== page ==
Clearing out your Gmail Inbox

There are times when you are just stuck in queues and have to wait for your turn. I think society in general tends to make us think that we are in a uber fast paced world but only to hit you back to reality with long queues and lines. Traffic jams are a norm these days and long queues at most outlets such as “ChaTime” or the immigration department seems to be one of these norms.

Anyway, the other day, I sent my car in to the service center and while I was waiting for my car to be serviced, I tapped into the free wi-fi and started trying to figure out some site online to fill my time. Of course in this digital world, emails are one of my key communication tools so I logged in to my email accounts. First mail I read was an automated email from my email administrator informing me that I was reaching the limit for my mailbox size.

I guess I still am not used to having a 150MB limit especially ever since I have been using Gmail. So being the usual curious guy, I went to my Gmail account to check how much space I have actually used.

Yikes! 51% usage for my Gmail account and increasing! The first thing I did like every other normal Outlook user would do, was to try to figure out how to sort my emails by size. And only by then can I select the largest sized ones and delete them. Apparently that didn’t work because based on Google’s Gmail theory, you don’t need to sort your mails with Gmail.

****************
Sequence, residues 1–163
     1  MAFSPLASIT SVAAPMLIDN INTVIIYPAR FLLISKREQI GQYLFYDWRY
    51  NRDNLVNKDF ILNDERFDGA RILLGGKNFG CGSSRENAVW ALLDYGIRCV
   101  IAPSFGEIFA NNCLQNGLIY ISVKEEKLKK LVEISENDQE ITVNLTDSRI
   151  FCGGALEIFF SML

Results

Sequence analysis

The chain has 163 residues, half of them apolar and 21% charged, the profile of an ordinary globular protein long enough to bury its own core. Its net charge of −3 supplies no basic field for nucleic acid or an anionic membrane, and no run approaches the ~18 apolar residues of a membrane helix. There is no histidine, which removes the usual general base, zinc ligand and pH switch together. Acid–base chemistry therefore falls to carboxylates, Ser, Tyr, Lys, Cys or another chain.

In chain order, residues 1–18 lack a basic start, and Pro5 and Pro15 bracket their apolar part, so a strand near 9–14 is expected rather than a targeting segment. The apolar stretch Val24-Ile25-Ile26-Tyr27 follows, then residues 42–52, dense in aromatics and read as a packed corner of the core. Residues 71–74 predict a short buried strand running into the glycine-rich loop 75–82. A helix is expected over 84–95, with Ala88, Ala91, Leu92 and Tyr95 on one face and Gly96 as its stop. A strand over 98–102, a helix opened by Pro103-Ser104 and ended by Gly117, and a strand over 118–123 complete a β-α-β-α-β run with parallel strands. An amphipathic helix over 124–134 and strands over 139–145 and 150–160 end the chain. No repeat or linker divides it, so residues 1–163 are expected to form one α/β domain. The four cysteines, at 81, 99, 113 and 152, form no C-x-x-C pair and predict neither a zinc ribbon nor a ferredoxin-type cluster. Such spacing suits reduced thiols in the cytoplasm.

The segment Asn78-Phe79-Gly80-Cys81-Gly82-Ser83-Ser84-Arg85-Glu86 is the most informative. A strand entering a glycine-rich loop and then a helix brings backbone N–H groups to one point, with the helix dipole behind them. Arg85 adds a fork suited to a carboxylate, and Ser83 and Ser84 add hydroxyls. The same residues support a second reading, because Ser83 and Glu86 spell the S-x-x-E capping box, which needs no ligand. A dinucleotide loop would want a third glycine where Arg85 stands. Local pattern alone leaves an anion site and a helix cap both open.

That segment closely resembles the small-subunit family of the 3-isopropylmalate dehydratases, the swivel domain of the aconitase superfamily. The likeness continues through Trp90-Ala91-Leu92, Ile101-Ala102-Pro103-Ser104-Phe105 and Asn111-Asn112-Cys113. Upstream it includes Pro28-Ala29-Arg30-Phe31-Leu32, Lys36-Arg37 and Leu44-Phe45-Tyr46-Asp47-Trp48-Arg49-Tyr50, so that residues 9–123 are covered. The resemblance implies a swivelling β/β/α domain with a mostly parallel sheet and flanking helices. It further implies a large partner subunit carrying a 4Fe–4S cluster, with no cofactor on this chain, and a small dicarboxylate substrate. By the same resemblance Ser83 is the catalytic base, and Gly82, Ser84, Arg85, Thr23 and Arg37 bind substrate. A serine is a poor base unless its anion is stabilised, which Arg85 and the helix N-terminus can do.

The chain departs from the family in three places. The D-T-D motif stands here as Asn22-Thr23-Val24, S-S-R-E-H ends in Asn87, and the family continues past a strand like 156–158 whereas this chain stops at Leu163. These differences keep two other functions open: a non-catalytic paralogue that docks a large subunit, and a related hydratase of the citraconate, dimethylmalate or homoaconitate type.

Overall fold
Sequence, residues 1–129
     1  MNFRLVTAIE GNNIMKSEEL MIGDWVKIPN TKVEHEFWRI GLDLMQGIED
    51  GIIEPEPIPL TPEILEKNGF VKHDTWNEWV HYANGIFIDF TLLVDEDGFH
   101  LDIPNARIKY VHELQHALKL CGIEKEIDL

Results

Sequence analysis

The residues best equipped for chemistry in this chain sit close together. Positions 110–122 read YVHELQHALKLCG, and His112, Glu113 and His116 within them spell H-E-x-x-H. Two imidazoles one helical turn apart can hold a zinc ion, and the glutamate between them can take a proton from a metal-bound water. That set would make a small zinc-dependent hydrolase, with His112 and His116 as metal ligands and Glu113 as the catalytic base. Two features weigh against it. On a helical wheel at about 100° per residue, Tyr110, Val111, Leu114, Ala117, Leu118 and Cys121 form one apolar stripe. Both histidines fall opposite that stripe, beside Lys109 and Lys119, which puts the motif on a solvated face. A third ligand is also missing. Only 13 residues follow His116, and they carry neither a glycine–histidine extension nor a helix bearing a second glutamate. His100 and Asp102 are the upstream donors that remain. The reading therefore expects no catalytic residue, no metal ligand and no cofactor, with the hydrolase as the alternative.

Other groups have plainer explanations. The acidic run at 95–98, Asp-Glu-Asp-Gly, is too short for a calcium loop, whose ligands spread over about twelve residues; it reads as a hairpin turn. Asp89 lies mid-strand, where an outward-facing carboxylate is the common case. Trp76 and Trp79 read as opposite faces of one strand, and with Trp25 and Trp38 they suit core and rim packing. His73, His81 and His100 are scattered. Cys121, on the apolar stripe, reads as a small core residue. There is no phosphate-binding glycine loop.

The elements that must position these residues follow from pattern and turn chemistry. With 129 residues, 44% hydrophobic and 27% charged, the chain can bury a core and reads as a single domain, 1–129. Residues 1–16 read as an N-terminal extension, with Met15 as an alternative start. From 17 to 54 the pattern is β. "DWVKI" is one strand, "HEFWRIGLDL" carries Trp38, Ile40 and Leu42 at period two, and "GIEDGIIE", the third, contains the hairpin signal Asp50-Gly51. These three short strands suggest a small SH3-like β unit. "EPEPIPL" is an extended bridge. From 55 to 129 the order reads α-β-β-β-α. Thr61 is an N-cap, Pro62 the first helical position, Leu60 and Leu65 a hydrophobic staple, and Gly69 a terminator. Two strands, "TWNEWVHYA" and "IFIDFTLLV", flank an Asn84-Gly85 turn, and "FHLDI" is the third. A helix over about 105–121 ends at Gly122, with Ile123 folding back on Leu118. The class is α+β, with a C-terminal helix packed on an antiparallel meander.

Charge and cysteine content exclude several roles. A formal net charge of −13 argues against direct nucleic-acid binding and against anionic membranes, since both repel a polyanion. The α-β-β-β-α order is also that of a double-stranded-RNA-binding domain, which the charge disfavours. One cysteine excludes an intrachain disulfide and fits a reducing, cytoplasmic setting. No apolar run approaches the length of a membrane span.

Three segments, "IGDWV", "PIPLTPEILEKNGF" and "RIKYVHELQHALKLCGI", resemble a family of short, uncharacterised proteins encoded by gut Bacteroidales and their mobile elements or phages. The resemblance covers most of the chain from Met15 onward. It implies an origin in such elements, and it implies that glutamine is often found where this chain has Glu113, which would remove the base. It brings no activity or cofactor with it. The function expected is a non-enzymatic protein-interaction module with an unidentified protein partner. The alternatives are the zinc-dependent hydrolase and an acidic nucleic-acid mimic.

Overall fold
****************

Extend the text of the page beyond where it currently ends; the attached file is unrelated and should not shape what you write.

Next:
After mucking through the search results, I chanced upon this site,

What it basically does is to help you scan through your Gmail account and then provides you with an email which provides several pie charts to visualize the emails you have archived.

The image above shows the scan results of my Gmail and the top 20 emails are all more than 20Mb in size. Most of them are me sending images about and after clearing them, I have managed to free up quite a fair bit of space within my mailbox.

As a result of the scan, it also creates 3 categories or 3 labels in your Gmail account and labels the emails accordingly.

By clicking on these labels, it pulls out emails that are either larger than 2Mb, somewhere between 500kb to 2Mb and finally any emails that are larger than 100kb.

Personally this tool is somewhat useful, mainly because Gmail does provide us with so much storage space that it would take a lot of emails to delete before seeing large space savings. Any how if you are running out of space on your Gmail account, do try out this tool. You never know how handy it might turn out to be. Best of all, this service is free!


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